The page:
Kirsten Schoonover, Ph.D.

Originally from rural West Virginia, Kirsten Schoonover, Ph.D., obtained her bachelor’s degree in psychology with a minor in Japanese studies from West Virginia University. First eyeing a career as a lawyer, Schoonover realized after completing a law internship that the field was not for her.

In this series, we’re spotlighting each of the Benjamin-Carver Scientists—sharing their educational history and plans for future research.

About the FIRST Partnership

To achieve a more diverse and representative workforce, longtime partners—UAB and Tuskegee University — received funding from the National Institutes of Health Common Fund to establish a community of scientists committed to inclusive excellence. Throughout 2023, the Benjamin-Carver FIRST program has been actively recruiting faculty and welcoming them into their respective peer cluster community.

Meet Kirsten Schoonover, Ph.D.

Having consistently worked in research labs (often multiple at a time) throughout her undergraduate career, Schoonover gravitated toward behavioral neuroscience and ended up working in labs focused on Alzheimer’s disease and stroke recovery.

“By that point, I realized I was fascinated by the molecular basis for pathology, and so I prioritized gaining as much of this experience as possible,” Schoonover said.

Schoonover’s interest in psychiatry dates back to when she was 14, when her grandfather suffered from vascular dementia. Then, her graduate mentor, Rosalinda Roberts, Ph.D., ignited an interest in Schoonover to use electron microscopy to study synaptic ultrastructure in schizophrenia.

“Once I entered the field of psychiatry and schizophrenia, I never looked back,” Schoonover said. “It was too fascinating. I knew I could spend my entire life asking questions in this field.”

After earning her undergraduate degree, Schoonover entered her Ph.D. program at UAB, where she did a couple of research rotations her first year before joining Dr. Roberts’ lab.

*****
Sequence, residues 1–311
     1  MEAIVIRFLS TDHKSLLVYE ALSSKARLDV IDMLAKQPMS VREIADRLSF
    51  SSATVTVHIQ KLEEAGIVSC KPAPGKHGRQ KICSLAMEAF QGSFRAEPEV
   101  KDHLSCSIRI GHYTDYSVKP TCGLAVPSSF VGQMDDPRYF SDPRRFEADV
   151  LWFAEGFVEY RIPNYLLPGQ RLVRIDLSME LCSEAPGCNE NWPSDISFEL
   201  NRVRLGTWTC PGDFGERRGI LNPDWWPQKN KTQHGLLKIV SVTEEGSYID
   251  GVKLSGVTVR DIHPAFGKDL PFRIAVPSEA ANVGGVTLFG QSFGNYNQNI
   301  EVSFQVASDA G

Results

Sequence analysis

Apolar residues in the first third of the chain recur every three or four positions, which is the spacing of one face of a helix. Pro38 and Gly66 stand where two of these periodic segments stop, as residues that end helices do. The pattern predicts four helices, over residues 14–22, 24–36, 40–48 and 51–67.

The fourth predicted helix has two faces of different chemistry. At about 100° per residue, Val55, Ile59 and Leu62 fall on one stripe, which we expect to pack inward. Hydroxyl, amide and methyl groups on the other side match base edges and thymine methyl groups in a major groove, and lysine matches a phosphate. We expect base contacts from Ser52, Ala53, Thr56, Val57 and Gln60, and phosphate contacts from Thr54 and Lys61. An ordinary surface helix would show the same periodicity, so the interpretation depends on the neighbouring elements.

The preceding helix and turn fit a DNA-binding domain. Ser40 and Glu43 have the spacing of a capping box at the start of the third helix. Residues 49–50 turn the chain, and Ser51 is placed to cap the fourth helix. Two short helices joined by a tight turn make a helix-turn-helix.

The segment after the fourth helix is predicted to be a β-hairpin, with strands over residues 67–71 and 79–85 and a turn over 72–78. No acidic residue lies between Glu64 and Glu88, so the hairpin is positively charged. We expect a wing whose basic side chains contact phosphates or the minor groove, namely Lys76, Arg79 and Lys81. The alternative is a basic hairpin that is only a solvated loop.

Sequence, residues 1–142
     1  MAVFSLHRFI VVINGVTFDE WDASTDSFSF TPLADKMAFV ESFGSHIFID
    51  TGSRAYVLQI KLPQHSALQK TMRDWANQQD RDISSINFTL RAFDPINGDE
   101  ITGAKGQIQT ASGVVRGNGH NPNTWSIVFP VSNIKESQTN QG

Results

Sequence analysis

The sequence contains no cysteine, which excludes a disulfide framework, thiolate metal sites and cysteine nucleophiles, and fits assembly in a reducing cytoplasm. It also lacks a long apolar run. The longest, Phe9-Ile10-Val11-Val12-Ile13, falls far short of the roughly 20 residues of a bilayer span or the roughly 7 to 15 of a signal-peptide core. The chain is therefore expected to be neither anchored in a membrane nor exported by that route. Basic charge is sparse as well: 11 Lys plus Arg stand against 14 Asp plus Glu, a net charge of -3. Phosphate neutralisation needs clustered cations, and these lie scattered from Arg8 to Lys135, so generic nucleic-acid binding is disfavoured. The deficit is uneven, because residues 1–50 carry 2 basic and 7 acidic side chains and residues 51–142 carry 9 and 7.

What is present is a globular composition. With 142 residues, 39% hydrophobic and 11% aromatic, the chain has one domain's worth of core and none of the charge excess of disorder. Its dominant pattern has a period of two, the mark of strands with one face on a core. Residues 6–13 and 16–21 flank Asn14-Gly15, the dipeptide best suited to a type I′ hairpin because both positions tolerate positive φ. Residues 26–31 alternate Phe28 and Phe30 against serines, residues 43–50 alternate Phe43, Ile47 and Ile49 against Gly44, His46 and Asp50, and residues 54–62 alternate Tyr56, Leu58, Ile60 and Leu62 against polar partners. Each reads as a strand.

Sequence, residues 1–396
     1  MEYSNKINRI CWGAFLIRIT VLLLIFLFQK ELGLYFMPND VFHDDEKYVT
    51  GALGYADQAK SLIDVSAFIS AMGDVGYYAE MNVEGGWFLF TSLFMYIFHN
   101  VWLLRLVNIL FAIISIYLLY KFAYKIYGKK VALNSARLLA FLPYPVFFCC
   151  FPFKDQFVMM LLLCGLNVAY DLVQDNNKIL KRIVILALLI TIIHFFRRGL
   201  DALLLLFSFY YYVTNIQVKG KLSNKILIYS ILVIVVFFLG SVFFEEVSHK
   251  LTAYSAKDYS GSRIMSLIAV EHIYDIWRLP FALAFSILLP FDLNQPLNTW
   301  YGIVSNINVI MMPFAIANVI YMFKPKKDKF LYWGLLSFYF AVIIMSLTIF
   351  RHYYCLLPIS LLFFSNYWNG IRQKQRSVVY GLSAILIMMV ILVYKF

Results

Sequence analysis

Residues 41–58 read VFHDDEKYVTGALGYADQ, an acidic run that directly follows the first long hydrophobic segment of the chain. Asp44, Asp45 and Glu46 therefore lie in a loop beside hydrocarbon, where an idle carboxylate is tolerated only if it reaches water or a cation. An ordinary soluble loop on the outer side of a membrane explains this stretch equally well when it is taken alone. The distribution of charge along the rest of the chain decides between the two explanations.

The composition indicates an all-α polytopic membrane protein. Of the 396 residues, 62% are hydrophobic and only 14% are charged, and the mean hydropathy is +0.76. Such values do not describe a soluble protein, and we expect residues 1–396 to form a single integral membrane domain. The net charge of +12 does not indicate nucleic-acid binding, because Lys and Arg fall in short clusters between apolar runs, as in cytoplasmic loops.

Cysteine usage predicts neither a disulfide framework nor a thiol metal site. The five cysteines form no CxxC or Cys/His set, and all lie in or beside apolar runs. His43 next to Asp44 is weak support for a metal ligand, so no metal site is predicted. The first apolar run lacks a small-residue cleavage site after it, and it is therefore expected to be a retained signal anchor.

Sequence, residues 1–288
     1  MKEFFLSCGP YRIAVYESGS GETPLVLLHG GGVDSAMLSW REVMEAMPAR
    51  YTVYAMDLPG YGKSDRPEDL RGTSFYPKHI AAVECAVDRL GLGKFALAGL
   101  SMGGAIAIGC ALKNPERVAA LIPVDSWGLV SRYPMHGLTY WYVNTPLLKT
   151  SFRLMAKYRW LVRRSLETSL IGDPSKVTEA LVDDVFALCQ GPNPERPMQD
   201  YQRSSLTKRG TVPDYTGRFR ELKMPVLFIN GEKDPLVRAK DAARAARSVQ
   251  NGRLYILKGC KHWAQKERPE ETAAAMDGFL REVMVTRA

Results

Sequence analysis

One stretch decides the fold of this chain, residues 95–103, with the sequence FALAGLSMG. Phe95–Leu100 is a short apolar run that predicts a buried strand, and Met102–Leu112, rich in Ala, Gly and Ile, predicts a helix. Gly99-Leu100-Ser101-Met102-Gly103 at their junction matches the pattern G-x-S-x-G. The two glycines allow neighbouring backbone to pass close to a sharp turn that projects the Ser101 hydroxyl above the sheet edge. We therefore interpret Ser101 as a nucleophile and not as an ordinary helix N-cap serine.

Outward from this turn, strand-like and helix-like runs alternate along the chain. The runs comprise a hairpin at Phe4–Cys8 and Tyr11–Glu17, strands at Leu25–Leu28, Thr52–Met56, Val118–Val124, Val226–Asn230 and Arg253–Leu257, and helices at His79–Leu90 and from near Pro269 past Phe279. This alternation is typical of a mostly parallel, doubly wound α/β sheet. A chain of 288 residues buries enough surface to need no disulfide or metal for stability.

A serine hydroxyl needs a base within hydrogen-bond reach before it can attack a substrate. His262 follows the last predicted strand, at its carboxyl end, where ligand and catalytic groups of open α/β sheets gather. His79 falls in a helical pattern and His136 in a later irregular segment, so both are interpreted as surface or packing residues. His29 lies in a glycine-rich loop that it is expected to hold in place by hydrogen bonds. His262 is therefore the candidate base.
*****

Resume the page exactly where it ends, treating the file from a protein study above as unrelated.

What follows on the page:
Now, Schoonover’s studies on the neural basis of the pathology of memory in schizophrenia patients have her analyzing postmortem human tissue to determine how the role of trace metal transport can affect synaptic signaling. She hopes to be able to obtain an R01 level grant and begin brain collections for the Alabama Brain Collection.

Building a career in psychiatry and behavioral neurobiology as a FIRST scholar

Ideal timing led to Schoonover’s connection with the FIRST program. A professor she knew as a graduate student at UAB alerted her to the possibility as Schoonover was contemplating her next moves during year four of her postdoc.

“Perfect timing aside, the FIRST program seemed like a perfect fit,” Schoonover said. “As a graduate student at UAB, I had benefitted greatly from a similar model meant for graduate students and therefore was keenly aware of the significant impact and power that lay within a program like FIRST. Furthermore, I had never been an assistant professor before!”

As she looks toward the future, her long-term goals include creating a brain bank of human samples from diverse populations diagnosed with various psychiatric disorders. This is in an effort to more accurately represent the populations afflicted with serious mental illness. She also strives to become a mentor for underrepresented groups in science.

Schoonover said the FIRST program has been “instrumental” in helping her achieve her goals thus far.

“The FIRST program has united a group of young investigators who all have the same goals: to be successful health disparities researchers who positively impact our fields,” she said. “The support I have received not only from my cohort but from the FIRST mentors has been immeasurable.”